Monday, 20 January 2014

I went to Mumbai and this is what happened...

Taj Mahal Palace hotel, Mumbai
Day 1

When I woke up this morning I didn’t expect to be treated to a display from the Indian Army’s bomb disposal team. Then again, I didn’t actually sleep – I spent most of the evening sitting in extremely close proximity to a spellbound elderly Indian gentlemen; the object of his tactile awe being the mid-90s Casio watch around his wrist, or more specifically its relentlessly piercing beep. At this point I should mention that the pair of us were sitting down with a few hundred other people on a plane flying to Mumbai from London. He didn’t say a word to me during the eight hours, not even when I borrowed his pen to complete my landing slip. Now there’s a snippet of detail that will live in your memory forever.

Anyway, I was trying to write about the bomb disposal guys. Well, it appears I’ve arrived in India on National Army Day, which is celebrated in Mumbai through the medium of static World War One-style guns the size of houses, hastily-erected green tents, soldiers sitting on plastic chairs and teenagers taking crap photos of my Turkish face on camera phones. It’s an absolute hoot, especially as the army cordons off the entire area around the Gateway of India, meaning you can’t really get anywhere near it. I found this especially annoying as I promised my mum I’d go and do a selfie in front of it to demonstrate that a) I was having fun, or at least pretending to, and b) that I was still alive. I have Instagram now you see, which saves on tefelome bills.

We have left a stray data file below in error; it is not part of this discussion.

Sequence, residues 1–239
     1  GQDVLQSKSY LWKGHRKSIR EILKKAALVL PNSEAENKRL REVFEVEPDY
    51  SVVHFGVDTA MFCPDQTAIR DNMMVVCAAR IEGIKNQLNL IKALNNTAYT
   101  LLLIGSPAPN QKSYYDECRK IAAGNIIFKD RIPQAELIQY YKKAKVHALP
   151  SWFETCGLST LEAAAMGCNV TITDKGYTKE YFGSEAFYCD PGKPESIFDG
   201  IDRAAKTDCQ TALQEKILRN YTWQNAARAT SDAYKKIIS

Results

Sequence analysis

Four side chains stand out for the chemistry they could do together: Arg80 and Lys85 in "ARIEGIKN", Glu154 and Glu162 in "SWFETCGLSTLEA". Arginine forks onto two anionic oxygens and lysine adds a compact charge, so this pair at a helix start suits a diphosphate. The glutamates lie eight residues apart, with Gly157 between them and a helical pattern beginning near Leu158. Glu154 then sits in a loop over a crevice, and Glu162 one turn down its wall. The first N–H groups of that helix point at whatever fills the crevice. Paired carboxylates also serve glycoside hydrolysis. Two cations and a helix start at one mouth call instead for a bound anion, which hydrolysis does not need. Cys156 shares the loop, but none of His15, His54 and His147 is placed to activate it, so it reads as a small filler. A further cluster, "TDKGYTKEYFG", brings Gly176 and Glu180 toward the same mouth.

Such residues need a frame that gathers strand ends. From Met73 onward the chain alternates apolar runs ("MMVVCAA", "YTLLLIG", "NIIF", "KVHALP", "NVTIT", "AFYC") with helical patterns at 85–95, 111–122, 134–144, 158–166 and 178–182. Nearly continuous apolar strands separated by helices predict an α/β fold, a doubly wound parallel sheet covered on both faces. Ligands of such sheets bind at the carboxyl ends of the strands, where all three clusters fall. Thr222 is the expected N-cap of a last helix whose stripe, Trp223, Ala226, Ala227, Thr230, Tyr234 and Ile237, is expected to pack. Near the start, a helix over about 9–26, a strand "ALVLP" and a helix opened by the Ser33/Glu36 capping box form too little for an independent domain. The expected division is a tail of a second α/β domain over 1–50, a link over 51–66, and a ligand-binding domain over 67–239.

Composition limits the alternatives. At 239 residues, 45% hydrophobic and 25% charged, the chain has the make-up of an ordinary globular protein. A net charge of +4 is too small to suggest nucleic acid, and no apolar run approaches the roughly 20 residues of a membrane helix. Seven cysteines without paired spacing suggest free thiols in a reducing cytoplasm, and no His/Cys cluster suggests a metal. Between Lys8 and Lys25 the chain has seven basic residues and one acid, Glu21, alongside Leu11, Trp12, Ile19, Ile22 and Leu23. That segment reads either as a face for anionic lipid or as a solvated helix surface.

Still, I had to make the most of it, so I tootled on over to the bomb disposal tent in the hope of seeing a live display. Or display prevention, to put it more accurately. There was something slightly uncomfortable about having such a facility yards from the Taj Mahal Palace, a hotel that only a little over five years ago bore the brunt of a horrific terrorist attack. So I suppose I was relieved to discover that all the bomb disposal guides wanted to do was sit down and stare at nothing in particular, which makes the first line of this blog so disgracefully misleading that I’m thinking of stopping right now. And right on cue, my brother’s old housemate Rachel has just walked into the hotel reception where I happen to be writing this. Honestly, you travel 5,000 miles to get away from familiar faces…

Day 2

Did you know that if you turn your watch upside down in India, you’ll see what time it is in Britain? It helps if your watch has hands, but it’s bloody well true. Today, dear reader, I went on a heritage walking tour of Mumbai’s Fort region – it was truly fascinating and very entertaining, but unfortunately this is the only thing I remember. Other than the fact that Mark Twain (whom my dad so intelligently quoted in his farewell text) stayed in India’s first five-star hotel, which today still stands but has been somewhat neglected, at least on the outside.

Run-down Mumbai building